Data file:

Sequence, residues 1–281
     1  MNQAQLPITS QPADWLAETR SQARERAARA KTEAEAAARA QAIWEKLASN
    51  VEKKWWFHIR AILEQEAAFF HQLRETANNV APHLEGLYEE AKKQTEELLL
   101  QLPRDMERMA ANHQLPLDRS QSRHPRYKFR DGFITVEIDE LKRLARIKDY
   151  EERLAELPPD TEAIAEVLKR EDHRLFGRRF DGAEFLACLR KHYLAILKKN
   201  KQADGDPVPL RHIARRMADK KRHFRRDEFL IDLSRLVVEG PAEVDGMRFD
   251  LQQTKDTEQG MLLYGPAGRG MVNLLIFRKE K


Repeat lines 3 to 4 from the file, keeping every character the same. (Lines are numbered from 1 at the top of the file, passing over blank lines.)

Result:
    51  VEKKWWFHIR AILEQEAAFF HQLRETANNV APHLEGLYEE AKKQTEELLL
   101  QLPRDMERMA ANHQLPLDRS QSRHPRYKFR DGFITVEIDE LKRLARIKDY